AMN Reviews: Gábor Lázár – ILS (Presto!?) & Yvan Etienne – Feu (Aposiopèse)

GaborLazar-ILS-2Presenting ILS, Gábor Lázár writes that the eleven pieces “have been composed on one note without transposition focusing on spectral changes and avoiding the traditional temporal measurements using additive synthesis. The interface works with tester algorithms based on simple mathematical operations which help in the compositional decision-making and trigger different temporal and spectral musical events run by a unique timeline”.

No, I don´t really understand, either. But what Lázár´s daunting parameters do to that one note is an act of aesthetic violence. It goes thwack thwack thwack. It smacks you around, maybe for your own good. Some unrelenting Sadean aesthetic-philosophical torture, self-centered and ferociously unambiguous. After imposing themselves on you, Budapest-based Lázár´s eleven short (but long enough!) pieces grow on you, and you hear the extremely attractive acoustics couched in that high concept. And although so utterly hardwired, actually sounds very woody. A new kind of kinetic sculpture. All one note. You´ve never heard anything quite like it.

a3103935968_2In contrast, Yvan Etienne´s debut release Feu (Aposiopèse) is far more conventional noise. From Mulhouse in France, Etienne has played with the likes of Phill Niblock and Paul Panhuysen, edits the “oh cet echo” collection of the very-interesting looking Les presses du réel, and selects from a tool chest of electronics, phonography, analogue synthesizers and the hurdy-gurdy, as appropriate to his ongoing preoccupation with the physicality of sound.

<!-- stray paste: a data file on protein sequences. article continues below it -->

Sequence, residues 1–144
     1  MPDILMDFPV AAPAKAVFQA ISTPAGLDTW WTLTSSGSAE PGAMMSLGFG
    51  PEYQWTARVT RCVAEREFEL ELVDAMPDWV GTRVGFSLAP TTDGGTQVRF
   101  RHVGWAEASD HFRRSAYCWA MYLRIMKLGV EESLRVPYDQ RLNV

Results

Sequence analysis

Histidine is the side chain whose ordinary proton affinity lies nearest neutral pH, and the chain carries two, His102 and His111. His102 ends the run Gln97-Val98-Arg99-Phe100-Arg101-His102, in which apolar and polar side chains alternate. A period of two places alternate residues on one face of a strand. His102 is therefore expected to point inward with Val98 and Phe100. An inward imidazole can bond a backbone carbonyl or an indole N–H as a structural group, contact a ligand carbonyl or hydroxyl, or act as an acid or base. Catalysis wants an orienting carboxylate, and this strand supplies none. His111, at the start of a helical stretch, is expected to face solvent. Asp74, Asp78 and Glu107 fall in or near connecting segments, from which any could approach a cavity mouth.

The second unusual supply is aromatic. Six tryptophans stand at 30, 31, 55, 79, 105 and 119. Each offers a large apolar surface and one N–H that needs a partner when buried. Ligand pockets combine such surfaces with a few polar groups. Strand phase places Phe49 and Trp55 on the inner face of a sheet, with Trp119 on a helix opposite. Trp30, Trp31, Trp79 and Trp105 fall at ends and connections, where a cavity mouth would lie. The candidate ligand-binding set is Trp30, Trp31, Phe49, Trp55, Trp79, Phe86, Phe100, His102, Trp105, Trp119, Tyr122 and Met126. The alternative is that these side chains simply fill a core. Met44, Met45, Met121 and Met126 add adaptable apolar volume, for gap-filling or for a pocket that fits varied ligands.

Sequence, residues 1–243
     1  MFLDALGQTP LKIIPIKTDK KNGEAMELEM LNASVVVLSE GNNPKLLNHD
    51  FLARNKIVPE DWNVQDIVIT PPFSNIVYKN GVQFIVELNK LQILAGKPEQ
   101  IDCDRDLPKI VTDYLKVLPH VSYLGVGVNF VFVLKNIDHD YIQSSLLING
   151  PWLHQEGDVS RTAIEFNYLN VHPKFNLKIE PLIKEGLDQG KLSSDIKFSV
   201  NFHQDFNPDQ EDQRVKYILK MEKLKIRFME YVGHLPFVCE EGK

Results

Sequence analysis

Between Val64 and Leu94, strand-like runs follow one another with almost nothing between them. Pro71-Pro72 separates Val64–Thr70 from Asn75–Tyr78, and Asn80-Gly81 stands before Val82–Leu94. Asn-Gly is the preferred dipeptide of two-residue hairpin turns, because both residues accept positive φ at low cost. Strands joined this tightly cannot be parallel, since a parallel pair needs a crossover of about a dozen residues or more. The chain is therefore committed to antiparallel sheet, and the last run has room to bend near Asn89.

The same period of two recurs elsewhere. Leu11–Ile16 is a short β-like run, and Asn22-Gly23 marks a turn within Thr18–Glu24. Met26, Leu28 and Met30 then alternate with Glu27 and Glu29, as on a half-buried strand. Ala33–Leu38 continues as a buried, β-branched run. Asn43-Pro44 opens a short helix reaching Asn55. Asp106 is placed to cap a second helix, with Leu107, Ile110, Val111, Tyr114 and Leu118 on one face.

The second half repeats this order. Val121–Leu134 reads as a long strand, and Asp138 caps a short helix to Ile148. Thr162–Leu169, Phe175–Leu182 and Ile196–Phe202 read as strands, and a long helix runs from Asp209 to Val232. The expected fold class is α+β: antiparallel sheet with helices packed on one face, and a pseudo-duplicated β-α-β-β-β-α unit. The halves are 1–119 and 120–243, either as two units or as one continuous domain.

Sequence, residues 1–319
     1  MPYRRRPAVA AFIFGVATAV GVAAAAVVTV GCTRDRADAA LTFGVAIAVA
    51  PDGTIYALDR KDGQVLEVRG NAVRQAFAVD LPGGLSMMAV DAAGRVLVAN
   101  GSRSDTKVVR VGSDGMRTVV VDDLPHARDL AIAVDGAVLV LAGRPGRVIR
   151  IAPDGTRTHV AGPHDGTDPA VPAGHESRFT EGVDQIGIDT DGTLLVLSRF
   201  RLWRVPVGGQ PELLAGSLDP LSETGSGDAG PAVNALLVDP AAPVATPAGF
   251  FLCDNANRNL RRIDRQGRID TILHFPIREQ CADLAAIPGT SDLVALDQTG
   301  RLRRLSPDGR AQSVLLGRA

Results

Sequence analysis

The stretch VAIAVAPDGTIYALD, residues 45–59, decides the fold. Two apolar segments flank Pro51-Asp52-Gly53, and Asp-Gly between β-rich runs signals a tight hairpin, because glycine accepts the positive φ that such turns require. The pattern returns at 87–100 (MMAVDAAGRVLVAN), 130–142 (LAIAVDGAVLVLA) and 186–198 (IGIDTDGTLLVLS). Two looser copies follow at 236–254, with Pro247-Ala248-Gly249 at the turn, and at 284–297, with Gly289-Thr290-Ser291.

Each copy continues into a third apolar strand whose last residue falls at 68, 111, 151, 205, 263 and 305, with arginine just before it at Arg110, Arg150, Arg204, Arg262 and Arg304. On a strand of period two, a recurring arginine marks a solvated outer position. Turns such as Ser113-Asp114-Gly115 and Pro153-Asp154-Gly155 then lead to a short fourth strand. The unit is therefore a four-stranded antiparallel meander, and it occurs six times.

The stippled waves of static on “Une Nuit” could be the wind, could be the heart of a blazing inferno, could be the beady snow blasting across a frozen lake. Sowing the whirlwind, he begins reaping a hard rain of tin cans and broken bits of copper wiring, until it begins grabbing at maverick radio waves in the air of “De La Change”. All this cakes into a high, violin-torturing tone and then pure tinnitus. A dramatic shift nearly halfway through this twenty-minute roaratorio brings us back to the windy plains and burning bushes. And slowly, the batteries run out. Riding on a grain of sand, we are swept far away from the maelstrom. “La Lueur” (the glow) is a swarm of locusts balled up and juggled. It picks up the same kind of unhealthy sounds the second track did but redemptively; here we finally hear the hurdy-gurdy, churning itself out of the mass. An extended, bagpipian drone exclamation point.

Stephen Fruitman